The Clash and the Sex Pistols get populist nods and Wire get the critical acclaim, but it's the Damned who put in the hard work, pummeling rhythms, and stringent melodicism throughout 1976-77 to become the first British punk band to release a single (the thundering "New Rose") and an album (the 30-minute punch of Damned Damned Damned) and to tour the United States. Now, 40 years later, Damned cocreators Dave Vanian and Captain Sensible relish, and will celebrate Sunday at Theatre of Living Arts.
"That is our legacy, really, that hard work, that drive," singer Vanian says from London. "We really were working-class guys looking to get the job done rather than just talk about it."
The Damned were not poseurs, and the forward-moving thrust, deadpan crooning, and Mod-era Who-ish propulsion of Damned Damned Damned proves it – as does any and every album that Vanian and Sensible have made since their band's start (they're the only originals left from the fire-starting quartet). "Listen to that album," says bassist Sensible. "It's very real: a blitz of riffs and frenetic drumming. Still sounds fresh to my ears. What's left of 'em."
That working-class pragmatism is what removed the Damned (who actually employed the Pretenders' Chrissie Hynde for a minute) from what might have been the club of punks that included the Sex Pistols' John Lydon (Johnny Rotten) and Steve Cook, the Clash's Paul Simonon, and PIL's Jah Wobble, all of whom looked at the punk moment with a stodgy anti-romanticism. "Yeah, maybe they're just sourpusses," Vanian says with a laugh. "Either way, we really were outsiders to that group of people."
Sensible adds that, "while other bands, then and now, worry about their status, we certainly don't. The Damned have always been outsiders with nothing to prove — just happy to be able to travel the world playing gigs in far-away places."
Mythologizing the then-burgeoning U.K. punk scene tied into Queen Elizabeth's silver anniversary with anarchist rhetoric and iconic totems meant nothing when it came to punk's true tests – playing hard, fast, loud music at a time when the U.K. (and U.S.) record industry was a pretentious, bloated mess.
"It was scuzzy, and we were all stone broke — skipping the fares on the trains and getting chased by ticket collectors on a regular basis," Sensible says before calling himself "the luckiest toilet cleaner in Britain when I met the rest of these guys.
"The popular bands were stadium proggers like ELP, Yes, and Genesis, singing songs about fantasy and wizards, interspersed by long, boring guitar and drum solos. Our class of '77 was playing seedy bars and basements, which was a lot of fun ... but hardly glamorous. During rehearsals, I was sleeping on [guitarist/principal songwriter] Brian James' floor. We spent our days traipsing around clubs, attempting to [scam] support gigs — which paid peanuts anyway, so we were generally starving."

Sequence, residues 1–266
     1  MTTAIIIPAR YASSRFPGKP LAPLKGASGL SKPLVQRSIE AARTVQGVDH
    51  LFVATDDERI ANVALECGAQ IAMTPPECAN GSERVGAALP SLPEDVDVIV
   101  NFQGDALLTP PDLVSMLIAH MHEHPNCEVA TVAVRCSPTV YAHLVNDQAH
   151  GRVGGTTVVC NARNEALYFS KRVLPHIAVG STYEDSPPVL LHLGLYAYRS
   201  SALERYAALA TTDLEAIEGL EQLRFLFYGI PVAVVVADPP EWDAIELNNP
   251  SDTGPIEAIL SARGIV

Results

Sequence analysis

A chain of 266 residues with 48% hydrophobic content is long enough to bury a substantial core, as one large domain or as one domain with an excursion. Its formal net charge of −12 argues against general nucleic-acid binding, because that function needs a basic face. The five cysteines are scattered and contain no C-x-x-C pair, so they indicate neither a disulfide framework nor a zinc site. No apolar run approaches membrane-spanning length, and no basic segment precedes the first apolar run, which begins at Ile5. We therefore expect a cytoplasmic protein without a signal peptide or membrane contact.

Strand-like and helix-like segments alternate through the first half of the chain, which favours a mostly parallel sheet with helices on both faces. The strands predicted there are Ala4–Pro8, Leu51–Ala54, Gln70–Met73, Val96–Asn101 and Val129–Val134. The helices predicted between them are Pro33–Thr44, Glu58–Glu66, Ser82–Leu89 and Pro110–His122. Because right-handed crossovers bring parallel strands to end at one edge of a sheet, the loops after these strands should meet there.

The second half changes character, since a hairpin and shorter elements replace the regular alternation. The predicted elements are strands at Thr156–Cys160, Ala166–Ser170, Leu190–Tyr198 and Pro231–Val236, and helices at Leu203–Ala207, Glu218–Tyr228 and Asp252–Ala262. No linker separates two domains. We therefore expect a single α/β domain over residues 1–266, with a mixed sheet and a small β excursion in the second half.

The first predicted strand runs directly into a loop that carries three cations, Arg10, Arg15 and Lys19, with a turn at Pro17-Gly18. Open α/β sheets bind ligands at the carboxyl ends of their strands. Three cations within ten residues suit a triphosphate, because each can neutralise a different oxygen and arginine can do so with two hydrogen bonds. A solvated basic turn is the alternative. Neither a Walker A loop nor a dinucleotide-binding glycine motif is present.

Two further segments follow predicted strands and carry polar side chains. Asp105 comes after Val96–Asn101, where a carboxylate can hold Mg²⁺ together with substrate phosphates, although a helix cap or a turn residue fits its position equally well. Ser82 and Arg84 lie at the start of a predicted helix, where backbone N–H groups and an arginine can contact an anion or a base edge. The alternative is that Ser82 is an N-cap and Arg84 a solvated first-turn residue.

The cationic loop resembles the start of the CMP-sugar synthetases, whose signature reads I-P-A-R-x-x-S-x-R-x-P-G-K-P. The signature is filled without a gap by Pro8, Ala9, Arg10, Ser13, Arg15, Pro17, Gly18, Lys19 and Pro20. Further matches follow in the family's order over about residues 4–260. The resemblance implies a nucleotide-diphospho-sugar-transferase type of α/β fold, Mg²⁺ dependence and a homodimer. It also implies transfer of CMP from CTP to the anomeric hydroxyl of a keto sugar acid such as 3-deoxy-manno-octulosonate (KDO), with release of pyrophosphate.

Signed to the now-legendary DIY indie label Stiff – rather than the majors that snagged the Pistols and the Clash – it was "the promise of a slap-up meal that was the clincher," Sensible says with a laugh. "The bands all helped out boxing records and roady-ing for each other. Stiff was a bit of a revolution. It paved the way for all the indie labels that followed."
To this, Vanian adds: "Because Stiff was independent, small, and new, they worked as hard as we did, and did things in a manner the majors couldn't. Mad stuff, at that."
One particularly bold move, something that wound up resonating sonically – even now – was the Damned's use of Nick Lowe as its producer on the hollowed-out "New Rose" and the rest of the primal-sounding Damned Damned Damned.
"Lowe's nickname was 'Basher,' as in 'bash it down on tape,' " recalls Sensible. "And we did, with a minimum of effects and overdubs. The raw rock-and-roll on that album is markedly in contrast to what most of our contemporaries were up to, and nearly all records made today." Making records today, or since the Damned's start, has been crucial to keeping the band alive as they traveled down paths of psychedelia (Music for Pleasure), goth (The Black Album, which dovetailed nicely with Vanian's vampire-gravedigger look), power pop (So, Who's Paranoid?), and whatever it is they chose for the album recorded in 2016, to be released by 2017's end. "Our epic musical journey must continue," says Sensible.
Beyond all the band's other albums and singles, Vanian says, it is that first jolt that thrills him. "When 'New Rose' comes up in the set and I utter that Shangri Las' intro's words, all hell breaks loose, and everyone – the band, the audience – goes crazy," he says. "I never tire of that. Face it, that's three minutes and done, like any pop classic. As soon as it's finished, you want to hear it again. That's a great pop ritual."